Electric cars being charged at night making America’s power grid unstable

STANFORD, Calif. — Leaving your electric car charging overnight so it’s ready in the morning sounds like a good idea in theory. But in fact, research suggests it does more harm in the long run. Stanford scientists say it costs more to charge your electric car at night and could stress your local power grid.

Instead, the researchers suggest drivers switch to charging their vehicle at work or at public charging stations. Another added benefit of daytime charging at a public station is that it reduces greenhouse gas emissions.

With the effects of climate change more apparent than ever — frequent wildfires, widespread flooding and more severe hurricanes — automakers expect people to start investing in electric cars in the future. For example, California residents should buy more electric cars, as the state plans to ban sales of gas-powered cars and light trucks in 2035.

“We encourage policy makers to consider utility rates that encourage daily charging and incentivize investment in charging infrastructure to move drivers from home to work for charging,” says the co-lead author of the study, Ram Rajagopal, associate professor of civil and environmental engineering at Stanford University. , in a report.

So far, electric cars account for a million or 6% of auto sales in California. The state’s goal is to increase that number to five million electric vehicles by 2030. However, the study’s authors say the switch from gasoline to electric will put a strain on the grid electric when there are 30% or 40% of cars on the road.

“We were able to show that with less home charging and more daytime charging, the western United States would need less generation and storage capacity, and it wouldn’t waste as much solar power. and wind turbines,” says Siobhan Powell, PhD in mechanical engineering and lead author of the study. “And it’s not just California and the western states. All states may need to rethink electricity pricing structures as their EV charging needs grow and their grid changes.

If half of the vehicles in the western United States are electric, the team estimates that it would take more than 5.4 gigawatts of stored energy, the equivalent of five large nuclear reactors, to charge the cars . However, if people charged their electric car at work rather than at home, electric demand would drop to 4.2 gigawatts.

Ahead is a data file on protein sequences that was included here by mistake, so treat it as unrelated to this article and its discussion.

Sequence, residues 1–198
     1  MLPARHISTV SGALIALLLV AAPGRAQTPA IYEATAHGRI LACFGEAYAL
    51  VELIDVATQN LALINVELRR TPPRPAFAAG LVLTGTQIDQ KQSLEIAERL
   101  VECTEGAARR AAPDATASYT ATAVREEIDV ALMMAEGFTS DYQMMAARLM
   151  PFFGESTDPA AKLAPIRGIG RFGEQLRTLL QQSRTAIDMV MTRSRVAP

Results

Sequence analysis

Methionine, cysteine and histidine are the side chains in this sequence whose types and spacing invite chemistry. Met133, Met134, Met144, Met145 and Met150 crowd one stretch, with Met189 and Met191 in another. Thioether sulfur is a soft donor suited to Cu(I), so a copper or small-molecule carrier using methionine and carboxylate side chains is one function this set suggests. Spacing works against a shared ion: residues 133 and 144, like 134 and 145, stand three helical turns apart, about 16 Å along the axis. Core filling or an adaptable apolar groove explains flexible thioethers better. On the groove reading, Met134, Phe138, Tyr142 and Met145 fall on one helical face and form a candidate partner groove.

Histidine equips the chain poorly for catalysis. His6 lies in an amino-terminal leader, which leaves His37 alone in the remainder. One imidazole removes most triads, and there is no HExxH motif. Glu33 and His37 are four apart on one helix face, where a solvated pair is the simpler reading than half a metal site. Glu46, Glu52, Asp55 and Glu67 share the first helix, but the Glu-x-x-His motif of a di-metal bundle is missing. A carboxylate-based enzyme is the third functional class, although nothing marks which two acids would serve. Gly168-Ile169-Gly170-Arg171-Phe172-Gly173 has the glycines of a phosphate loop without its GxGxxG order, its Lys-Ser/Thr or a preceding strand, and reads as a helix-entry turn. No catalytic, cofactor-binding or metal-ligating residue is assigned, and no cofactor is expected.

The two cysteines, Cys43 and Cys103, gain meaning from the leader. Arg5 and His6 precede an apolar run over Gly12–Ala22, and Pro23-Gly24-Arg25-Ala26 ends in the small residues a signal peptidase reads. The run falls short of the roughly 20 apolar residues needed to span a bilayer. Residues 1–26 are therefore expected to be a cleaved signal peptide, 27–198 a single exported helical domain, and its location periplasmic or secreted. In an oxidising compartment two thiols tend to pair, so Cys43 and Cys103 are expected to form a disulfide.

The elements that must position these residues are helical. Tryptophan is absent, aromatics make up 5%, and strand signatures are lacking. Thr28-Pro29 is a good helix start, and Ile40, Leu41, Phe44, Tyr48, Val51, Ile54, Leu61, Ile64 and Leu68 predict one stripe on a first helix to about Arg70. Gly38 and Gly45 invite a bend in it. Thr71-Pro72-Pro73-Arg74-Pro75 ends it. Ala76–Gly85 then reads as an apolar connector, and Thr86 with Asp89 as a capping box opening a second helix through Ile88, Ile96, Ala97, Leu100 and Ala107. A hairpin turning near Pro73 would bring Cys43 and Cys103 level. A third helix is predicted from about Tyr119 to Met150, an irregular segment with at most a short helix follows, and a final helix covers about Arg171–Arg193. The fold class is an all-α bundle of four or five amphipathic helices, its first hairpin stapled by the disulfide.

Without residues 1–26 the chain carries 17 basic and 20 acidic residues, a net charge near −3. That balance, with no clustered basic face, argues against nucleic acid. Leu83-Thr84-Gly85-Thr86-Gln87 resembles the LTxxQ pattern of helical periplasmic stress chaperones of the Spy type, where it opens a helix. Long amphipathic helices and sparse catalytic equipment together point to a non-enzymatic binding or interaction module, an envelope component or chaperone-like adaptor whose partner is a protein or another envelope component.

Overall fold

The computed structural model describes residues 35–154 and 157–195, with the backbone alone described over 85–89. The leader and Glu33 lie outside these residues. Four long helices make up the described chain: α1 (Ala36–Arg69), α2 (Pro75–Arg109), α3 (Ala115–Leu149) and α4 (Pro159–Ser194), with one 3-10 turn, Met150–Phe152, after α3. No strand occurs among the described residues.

California currently uses hourly rates to encourage people to use electricity at night, such as running the dishwasher and charging cars. However, the authors claim that with the growing demand for electric cars, this strategy is outdated and will soon result in high demand with low supply. Specifically, the teams say that if a third of households charged their electric cars at 11 p.m. or whenever electricity rates drop, the local grid would become unstable.

“The findings of this paper have two profound implications: The first is that price signals are not aligned with what would be best for the network – and for ratepayers. The second is that it calls for considering investments in charging infrastructure where people work,” says Ines Azevedo, associate professor of energy science and engineering and co-lead author.

“We need to move quickly toward decarbonizing the transportation sector, which accounts for the bulk of emissions in California,” Azevedo adds. “This work provides insight on how to get there. Let’s make sure we pursue investment policies and strategies that allow us to do so in a sustainable way.

The study is published in natural energy.

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